Guyana has been a Republic since 1970, having had its independence since 1966. Today it has an Executive President and it is my strong view that before we just swop the English King for a Jamaican one as Barbados did in 2022, we should give serious consideration to seeing how things work in Guyana. In this regard readers should note that in 1980 Guyana underwent another constitutional reform which has resulted in its President becoming both Head of State and Head of Government. In a nutshell the system has elements of both the Westminster system and the American system, but for the purpose of Jamaica one of the powers granted to the President is that he/she can appoint as a member of cabinet a person who is not an elected member of the National Assembly (Parliament) and that person will sit as a non-voting member of the National Assembly. Quite naturally, the argument goes, such a system opens up service in cabinet to those who are not essentially willing to subject themselves to the dogma of a specific political party. Yes in Jamaica we achieve this via the Prime Minister (PM) being able to appoint someone to the Senate, with the limitation being that the Finance Minister has to be a member of the House of Representatives. However, I think we can all agree that our historical “independent” senators have been less than independent. I am not suggesting a wholescale adoption of the Guyanese model, as under no circumstance would I suggest that our Prime Minister should perform the dual function of head of government and Head of State but what I am suggesting is that it is not correct, as is being done, that we should limit our imagination and the scale of our governance reforms merely because the Minister has set an unrealistic two month period, with no rationale for this randomly selected short time period. If we pursue this unnecessary haste, for which doing it in time for independence celebrations cannot be an excuse, we risk failing to consider the question of how we select the Speaker of the House afresh and by extension the President of the Senate.
The Remit of the Constitutional Reform Committee
Our current Speaker of the House of Representatives, for me is a classic example of why it is rather non-sensical for us to have retained aspects of the system used in the House of Commons in the United Kingdom (UK) whereby the Speaker is selected from amongst the two parties, with the party that has the majority winning out. Of course in the pure Westminster system the Speaker, once appointed is expected to be non-partisan and thus at a parliamentary election, he/she is unopposed and that person is precluded from participating in any party activities. In Jamaica it is tantalisingly next to impossible to get a neutral person, from such a tribal political party process. Our professional politicians just do not possess those attributes and having fooled ourselves that a Speaker will suddenly become independent and impartial in a culture where outcome is linked to Party headquarters (HQ), is fanciful. Therefore, the Constitutional Reform Committee should, when it repeals the Independence Act, Jamaica (Constitution) Order in Council not leave this important business of ensuring that we select the Speaker of the House from outside Parliament. There are capable and non-partisan Jamaicans who can perform this important constitutional role and we should give this serious consideration as it will require not just a mechanism to appoint a Speaker but also an entrenched provision for removing that Speaker. In this regard we do not or should not emulate Trinidad and Tobago’s 1995 experience where the country’s first non-MP Speaker (Ms Occah Seepaul) plunged the country into a constitutional crisis when she refused to resign despite clear evidence (of her having lied to her Bank and in a civil claim) that her position was untenable. She was not a member of parliament and this compounded removal but we can avoid this by ensuring that removing the occupant from this very important constitutional office is not left to the politicians as they only dance to the beat of Party HQ. It should be set out in the constitution in a manner that is not easily tampered with.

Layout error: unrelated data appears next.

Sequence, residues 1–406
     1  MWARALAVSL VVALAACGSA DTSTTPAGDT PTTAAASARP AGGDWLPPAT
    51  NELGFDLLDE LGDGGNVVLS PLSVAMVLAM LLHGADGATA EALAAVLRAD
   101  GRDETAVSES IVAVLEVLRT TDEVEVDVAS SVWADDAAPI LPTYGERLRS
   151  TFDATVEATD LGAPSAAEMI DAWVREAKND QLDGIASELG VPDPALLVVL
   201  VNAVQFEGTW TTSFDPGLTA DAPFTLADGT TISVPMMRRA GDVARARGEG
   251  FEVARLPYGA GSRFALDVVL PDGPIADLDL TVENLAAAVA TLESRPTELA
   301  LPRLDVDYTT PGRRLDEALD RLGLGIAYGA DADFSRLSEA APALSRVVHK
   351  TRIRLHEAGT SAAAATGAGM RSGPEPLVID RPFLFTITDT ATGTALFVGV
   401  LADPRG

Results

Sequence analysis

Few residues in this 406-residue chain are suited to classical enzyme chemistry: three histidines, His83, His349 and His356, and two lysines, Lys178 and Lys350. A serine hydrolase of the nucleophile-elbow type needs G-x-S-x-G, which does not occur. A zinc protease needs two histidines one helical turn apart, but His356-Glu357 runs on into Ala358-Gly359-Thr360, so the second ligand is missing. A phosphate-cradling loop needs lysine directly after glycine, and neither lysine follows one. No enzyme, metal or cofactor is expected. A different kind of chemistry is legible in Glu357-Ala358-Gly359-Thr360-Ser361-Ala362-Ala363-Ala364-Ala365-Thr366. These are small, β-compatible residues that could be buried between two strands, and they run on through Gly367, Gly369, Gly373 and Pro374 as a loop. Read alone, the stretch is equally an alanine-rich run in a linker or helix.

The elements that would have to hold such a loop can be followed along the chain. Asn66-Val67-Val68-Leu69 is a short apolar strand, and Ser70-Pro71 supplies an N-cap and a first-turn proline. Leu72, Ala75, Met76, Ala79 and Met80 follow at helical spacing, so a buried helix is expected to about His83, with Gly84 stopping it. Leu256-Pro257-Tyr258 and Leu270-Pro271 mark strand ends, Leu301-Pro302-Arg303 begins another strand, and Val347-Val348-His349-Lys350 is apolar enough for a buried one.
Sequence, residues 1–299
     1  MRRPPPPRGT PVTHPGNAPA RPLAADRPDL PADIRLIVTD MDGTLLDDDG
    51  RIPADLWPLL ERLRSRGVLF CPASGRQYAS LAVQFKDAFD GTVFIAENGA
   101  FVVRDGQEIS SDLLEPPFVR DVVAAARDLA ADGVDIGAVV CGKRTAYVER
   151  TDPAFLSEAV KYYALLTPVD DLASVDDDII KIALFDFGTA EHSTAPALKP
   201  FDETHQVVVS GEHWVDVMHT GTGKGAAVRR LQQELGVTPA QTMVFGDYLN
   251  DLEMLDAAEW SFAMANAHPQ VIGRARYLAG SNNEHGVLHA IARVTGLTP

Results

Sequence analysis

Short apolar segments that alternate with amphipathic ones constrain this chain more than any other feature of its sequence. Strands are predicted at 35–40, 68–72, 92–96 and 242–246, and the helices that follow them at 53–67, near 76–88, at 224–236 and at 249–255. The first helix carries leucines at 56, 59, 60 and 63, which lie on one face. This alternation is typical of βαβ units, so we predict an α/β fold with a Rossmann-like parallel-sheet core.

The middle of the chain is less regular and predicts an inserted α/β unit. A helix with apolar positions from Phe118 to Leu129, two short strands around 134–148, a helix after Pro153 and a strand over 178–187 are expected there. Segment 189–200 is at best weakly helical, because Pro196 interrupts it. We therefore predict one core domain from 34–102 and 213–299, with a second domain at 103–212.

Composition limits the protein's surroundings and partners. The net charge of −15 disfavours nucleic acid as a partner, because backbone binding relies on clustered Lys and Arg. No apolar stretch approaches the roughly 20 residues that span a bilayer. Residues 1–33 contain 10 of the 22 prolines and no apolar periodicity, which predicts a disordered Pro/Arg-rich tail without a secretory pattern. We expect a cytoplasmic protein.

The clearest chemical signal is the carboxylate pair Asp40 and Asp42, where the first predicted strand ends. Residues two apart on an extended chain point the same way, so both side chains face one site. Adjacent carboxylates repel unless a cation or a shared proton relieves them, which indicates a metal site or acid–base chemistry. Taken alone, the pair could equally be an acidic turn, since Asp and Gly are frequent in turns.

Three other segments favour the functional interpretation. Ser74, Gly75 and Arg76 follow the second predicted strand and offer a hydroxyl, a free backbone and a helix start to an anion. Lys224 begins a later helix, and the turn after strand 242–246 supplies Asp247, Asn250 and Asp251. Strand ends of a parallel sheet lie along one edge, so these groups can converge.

Jamaica’s Constitutional Review Committee has been given a task to come up with something to mark the country’s break with its coloniser. It is not thought by most that this will be a radical Committee even if that is what is required. This is the second bite at the cherry as no one was brave enough or sufficiently culturally radical when the country negotiated its independence in London. This time around the Minister responsible has set in motion a high speed train for phase 1, and no time frame for phase 2, but I fear that if we proceed through phase 1 at her desired speed, we are bound to exclude from consideration options available to us. This Committee should not bow to the Minister’s pressure as this is far too important a task to be rushed.
Matondo K. Mukulu is a practising Barrister.